OJPed  Vol.3 No.4 , December 2013
Impact of HIV/AIDS on mortality and nutritional recovery among hospitalized severely malnourished children before starting antiretroviral treatment
ABSTRACT

In low income countries, severe acute malnutrition remains a major problem for HIV-infected children and an important risk factor for mortality. This study aims to analyze HIV impact on mortality rate and nutritional recovery among severely malnourished HIV/AIDS uninfected and infected children. This was a retrospective cohort study conducted from data of 521 hospitalized severely malnourished children. We used Pearson’s Chi square test to compare proportions; and Student’s independent t-test to compare means; general linear model to analyze repeated measurements. We used mortality relative risk with confidence interval (CI 95%), Kaplan-Meir survival curves and Cox proportional hazard models to analyze the HIV impact on mortality rate. Case fatality rate differed significantly from SAM HIV uninfected (10.7%) and HIV infected children (39.7%), p < 0.001. Mortality relative risk was 3.71, 95% IC [2.51 - 5.47] for HIV infected children. Kaplan-Meir survival curves differed significantly between the two groups, (p Log Rank < 0.001). Cox regression adjusted mortality relative risk of HIV infected children was 4.27, CI: 2.55 - 7.15, p < 0.001. Mean weight gain differed significantly among infected children, p < 0.001. Anthropometric Z-scores means evolution differed significantly between HIV infected and uninfected children and within each group’s subjects for WHZ (p < 0.001) and WAZ (p < 0.001). Mortality relative risk was 3.71 times higher for HIV infected children. Multiples infections and metabolic complications have synergism on death occurrence in sever acute malnutrition; when associated to HIV infection, case fatality rate increases many times. Weight gain and anthropometrics index evolution were very slow for SAM HIV infected children, and specific diet may be needed for more nutritional recovery. Effective interventions, updated and adapting to local country context, to improve survival of severely malnourished HIV/AIDS infected children in HIV and SAM prevalent settings are urgently needed in the area of SAM’s community-based treatment approach.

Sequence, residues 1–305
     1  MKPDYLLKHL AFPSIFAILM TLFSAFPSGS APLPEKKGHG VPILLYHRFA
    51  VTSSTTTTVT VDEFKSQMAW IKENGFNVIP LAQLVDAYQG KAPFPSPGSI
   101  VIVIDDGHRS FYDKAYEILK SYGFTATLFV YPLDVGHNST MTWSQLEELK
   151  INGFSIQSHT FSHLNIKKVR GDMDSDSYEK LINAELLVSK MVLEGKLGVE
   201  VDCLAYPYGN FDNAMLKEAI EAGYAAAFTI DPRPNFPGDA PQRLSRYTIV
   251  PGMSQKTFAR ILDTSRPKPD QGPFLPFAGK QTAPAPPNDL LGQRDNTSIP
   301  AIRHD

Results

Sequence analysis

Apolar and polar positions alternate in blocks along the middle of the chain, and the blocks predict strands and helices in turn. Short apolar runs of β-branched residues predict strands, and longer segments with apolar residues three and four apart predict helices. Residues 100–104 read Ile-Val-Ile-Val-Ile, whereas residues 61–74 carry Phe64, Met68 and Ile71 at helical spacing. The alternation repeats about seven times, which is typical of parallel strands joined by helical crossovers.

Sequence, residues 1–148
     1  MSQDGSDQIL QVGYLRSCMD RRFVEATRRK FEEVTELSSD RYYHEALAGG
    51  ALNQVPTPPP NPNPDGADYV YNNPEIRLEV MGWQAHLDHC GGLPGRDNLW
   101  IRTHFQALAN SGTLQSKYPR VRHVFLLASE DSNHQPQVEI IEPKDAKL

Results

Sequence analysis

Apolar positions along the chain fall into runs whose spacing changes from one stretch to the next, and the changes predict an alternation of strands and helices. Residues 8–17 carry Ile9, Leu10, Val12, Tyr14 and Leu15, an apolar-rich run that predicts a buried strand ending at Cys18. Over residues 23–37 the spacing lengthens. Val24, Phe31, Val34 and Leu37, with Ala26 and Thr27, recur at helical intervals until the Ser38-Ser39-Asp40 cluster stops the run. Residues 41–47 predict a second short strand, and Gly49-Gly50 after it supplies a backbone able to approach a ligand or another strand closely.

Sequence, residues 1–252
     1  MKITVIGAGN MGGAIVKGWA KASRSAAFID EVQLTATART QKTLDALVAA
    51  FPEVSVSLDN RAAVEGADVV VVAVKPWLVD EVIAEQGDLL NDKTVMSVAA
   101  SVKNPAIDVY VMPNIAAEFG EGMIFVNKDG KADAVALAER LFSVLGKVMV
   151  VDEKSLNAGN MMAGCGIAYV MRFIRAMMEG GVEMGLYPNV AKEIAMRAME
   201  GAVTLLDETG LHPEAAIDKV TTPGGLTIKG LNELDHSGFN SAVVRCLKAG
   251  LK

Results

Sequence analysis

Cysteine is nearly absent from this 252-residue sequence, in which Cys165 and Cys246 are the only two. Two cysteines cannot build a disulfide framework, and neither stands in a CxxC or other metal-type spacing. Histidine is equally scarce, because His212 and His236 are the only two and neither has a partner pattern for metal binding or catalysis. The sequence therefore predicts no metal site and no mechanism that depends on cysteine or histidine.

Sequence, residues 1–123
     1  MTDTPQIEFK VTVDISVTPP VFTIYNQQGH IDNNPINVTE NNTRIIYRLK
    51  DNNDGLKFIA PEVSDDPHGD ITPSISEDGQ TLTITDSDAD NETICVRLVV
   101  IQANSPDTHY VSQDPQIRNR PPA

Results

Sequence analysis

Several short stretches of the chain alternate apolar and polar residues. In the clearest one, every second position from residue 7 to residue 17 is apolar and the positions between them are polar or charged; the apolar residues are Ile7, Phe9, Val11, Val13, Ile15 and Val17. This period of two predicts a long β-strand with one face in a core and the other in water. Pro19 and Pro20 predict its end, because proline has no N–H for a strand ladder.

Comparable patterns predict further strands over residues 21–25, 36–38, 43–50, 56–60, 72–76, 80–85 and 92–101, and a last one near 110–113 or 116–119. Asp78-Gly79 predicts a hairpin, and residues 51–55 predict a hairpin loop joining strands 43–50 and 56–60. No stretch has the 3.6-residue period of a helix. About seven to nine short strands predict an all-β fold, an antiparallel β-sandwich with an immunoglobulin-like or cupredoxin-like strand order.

Cite this paper
Savadogo, L. , Donnen, P. , Kouéta, F. , Kafando, E. , Hennart, P. and Dramaix, M. (2013) Impact of HIV/AIDS on mortality and nutritional recovery among hospitalized severely malnourished children before starting antiretroviral treatment. Open Journal of Pediatrics, 3, 340-345. doi: 10.4236/ojped.2013.34061.
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